William S. Smith and Samuel G. Ogden Trials: 1806
William S. Smith and Samuel G. Ogden
Defendants: William S. Smith, Samuel G. Ogden
Crime Charged: Violating the Neutrality Act of 1794
Chief Defense Lawyers: Thomas A. Emmet, Cadwallader D. Colden, Josiah Ogden Hoffman, Washington Morton, and Richard Harison (Note: the transcript of the trial, as reproduced by Thomas Lloyd who was the stenographer at the trial, states that the last attorney's surname was Harison, with one "R")
Chief Prosecutors: Nathan Sanford, Pierpont Edwards
Judges: William Paterson, Matthias B. Talmadge
Place: New York, New York
Date of Trial: July 14-26, 1806
Verdict: Not guilty
SIGNIFICANCE: The 1806 prosecution of William Smith and Samuel Ogden for their role in helping Francisco de Miranda fight Spanish rule in Latin America was a nearly forgotten trial that involved mercenaries, a potential war, allegations of government persecution, and a president's decision not to allow federal officials to testify in court.
Between 1783 and 1805, Francisco de Miranda traveled across Europe and the United States to win support for independence for his native Venezuela and the other Spanish colonies in the Western Hemisphere. During this time, he met virtually every major American leader. Most politely ignored Miranda, but many supported his cause; some because they wanted to help free the colonists from Spanish tyranny, others because of the profit they could gain from such an adventure.
Miranda Dines at the White House
In November 1805, Miranda arrived in New York City from England carrying a letter addressed to Rufus King. (King had been America's top diplomat in London from 1796 to 1803.) The correspondence, written by a member of Parliament, indicated that the British government was dropping its support for Miranda despite its war with Spain. King forwarded the letter to Secretary of State James Madison. After reviewing its contents, Madison and PresidentThomas Jefferson decided to meet with Miranda to get a better understanding of Britain's new policy concerning Spain's colonies. (At this time, Spanish-American relations were poor. The United States had designs on Spain's possessions in Texas and Florida, and Madrid was angered when France sold Louisiana to the Americans. For a short time in late 1805, it appeared that a war might start.)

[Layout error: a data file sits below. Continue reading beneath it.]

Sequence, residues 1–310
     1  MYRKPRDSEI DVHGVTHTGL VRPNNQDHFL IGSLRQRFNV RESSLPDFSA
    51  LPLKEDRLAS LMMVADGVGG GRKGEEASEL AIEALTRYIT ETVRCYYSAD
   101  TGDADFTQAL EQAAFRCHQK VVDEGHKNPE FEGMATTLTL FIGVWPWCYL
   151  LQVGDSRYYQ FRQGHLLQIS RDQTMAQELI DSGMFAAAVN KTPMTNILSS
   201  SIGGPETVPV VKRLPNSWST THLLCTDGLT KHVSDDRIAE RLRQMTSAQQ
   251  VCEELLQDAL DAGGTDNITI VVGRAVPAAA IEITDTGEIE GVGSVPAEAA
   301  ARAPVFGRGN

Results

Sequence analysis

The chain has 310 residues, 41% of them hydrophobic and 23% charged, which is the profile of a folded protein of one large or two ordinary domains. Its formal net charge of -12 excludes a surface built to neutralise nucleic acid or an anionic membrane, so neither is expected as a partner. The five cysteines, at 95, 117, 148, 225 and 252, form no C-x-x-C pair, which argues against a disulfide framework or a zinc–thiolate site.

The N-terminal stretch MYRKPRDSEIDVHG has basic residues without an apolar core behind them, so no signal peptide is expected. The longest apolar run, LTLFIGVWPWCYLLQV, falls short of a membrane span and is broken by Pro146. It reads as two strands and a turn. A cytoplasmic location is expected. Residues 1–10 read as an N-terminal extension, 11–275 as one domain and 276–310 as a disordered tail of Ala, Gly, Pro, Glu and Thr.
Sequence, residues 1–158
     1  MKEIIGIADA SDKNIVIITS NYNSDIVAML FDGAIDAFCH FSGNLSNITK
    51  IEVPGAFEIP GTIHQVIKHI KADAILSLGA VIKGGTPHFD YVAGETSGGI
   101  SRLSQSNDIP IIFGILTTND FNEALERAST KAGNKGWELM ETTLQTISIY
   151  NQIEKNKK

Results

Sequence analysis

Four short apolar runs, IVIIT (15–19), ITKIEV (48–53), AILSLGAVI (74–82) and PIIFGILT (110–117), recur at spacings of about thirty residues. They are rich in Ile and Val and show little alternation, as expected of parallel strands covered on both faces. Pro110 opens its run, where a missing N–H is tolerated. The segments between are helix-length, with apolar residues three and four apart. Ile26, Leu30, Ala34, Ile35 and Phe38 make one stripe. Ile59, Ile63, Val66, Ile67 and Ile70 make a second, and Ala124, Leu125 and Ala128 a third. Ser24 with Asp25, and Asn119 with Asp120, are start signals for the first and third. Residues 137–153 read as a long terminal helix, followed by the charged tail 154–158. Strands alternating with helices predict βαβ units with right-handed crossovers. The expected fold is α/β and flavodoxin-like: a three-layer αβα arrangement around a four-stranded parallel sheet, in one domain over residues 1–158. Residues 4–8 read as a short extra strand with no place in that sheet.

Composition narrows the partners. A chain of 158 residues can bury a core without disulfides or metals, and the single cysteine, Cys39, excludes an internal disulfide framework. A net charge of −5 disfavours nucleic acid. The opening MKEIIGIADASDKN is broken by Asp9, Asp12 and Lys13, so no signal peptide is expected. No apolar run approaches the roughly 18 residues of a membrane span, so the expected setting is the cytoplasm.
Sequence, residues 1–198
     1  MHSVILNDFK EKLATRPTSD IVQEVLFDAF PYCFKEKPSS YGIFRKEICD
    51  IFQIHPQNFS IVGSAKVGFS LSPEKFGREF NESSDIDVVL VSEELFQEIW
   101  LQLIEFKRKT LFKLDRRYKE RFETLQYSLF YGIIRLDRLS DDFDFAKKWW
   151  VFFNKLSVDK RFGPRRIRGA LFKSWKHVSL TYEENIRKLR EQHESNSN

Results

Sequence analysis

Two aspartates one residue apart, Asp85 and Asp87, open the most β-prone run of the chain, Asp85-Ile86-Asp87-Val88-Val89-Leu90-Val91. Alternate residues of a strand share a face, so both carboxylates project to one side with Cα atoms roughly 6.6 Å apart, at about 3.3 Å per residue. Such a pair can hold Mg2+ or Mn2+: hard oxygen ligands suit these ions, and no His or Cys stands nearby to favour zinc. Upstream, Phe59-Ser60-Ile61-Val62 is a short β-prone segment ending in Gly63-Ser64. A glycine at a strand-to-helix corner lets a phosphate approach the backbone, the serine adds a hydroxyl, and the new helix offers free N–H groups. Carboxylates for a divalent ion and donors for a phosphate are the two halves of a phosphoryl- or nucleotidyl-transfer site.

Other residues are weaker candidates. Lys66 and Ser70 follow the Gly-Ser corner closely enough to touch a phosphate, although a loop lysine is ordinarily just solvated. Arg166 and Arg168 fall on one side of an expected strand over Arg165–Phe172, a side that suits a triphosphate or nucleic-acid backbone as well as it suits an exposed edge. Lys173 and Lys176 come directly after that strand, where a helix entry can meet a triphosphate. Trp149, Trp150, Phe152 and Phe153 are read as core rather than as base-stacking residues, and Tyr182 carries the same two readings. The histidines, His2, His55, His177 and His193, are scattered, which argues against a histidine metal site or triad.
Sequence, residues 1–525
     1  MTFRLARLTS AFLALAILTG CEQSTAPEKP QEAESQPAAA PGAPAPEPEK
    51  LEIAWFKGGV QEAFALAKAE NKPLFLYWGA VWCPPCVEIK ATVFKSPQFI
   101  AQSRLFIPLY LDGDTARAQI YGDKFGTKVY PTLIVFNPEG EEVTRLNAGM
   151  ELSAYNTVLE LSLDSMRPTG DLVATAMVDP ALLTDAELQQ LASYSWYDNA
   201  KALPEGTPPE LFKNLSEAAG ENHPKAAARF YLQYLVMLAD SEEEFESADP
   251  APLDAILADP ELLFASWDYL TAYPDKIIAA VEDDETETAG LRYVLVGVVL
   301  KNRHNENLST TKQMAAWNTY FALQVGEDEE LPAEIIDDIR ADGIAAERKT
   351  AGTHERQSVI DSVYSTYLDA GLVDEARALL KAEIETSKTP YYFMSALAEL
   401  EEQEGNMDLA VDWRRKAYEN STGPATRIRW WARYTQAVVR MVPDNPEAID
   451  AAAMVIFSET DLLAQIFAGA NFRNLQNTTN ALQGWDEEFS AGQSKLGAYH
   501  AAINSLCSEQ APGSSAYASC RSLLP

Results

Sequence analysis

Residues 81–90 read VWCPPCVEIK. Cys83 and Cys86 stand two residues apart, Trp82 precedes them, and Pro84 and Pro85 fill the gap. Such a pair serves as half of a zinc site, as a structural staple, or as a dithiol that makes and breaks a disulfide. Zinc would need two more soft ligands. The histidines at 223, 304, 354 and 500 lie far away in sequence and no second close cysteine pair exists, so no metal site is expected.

The president and Madison met Miranda over dinner. What was said is still a matter of debate. Madison claimed that Miranda discussed his plans for revolution in "very general terms" and said that it would help if the United States declared war on Spain, but was rebuffed when told that America intended to remain at peace with that country. In contrast, Miranda said that Madison hinted "whatever might be done should be discreetly done" and that "although the [American] Government would not sanction, it would wink" at a military expedition launched from the United States. Publicly, the president said nothing, but privately he denied sanctioning any action by Miranda.
Rebel Vessel Sails from New York
Whatever was said at that dinner, by the end of the month a prominent federal official in New York, Colonel William Stephens Smith, was using his influence to obtain men, money, and war material for Miranda. A Revolutionary War hero, former diplomat, and, since 1800, surveyor of customs for the Port of New York, Smith had known Miranda for over 20 years and had once toured with him across Europe. In addition, Smith had impeccable connections: his father-in-law was former President John Adams and his brother-in-law was U.S. Senator (and future president) John Quincy Adams.
On February 2, 1806, Miranda sailed from New York City for Venezuela on an American-owned vessel, the Leander, with 180 men (mostly Americans) and weapons. Among the adventurers was Colonel Smith's 19-year-old son, William Steuben Smith. However, the Leander was soon captured by the Spanish. Miranda escaped, but the young Smith and the others did not. (William Steuben Smith later eluded his captors and made his way home.)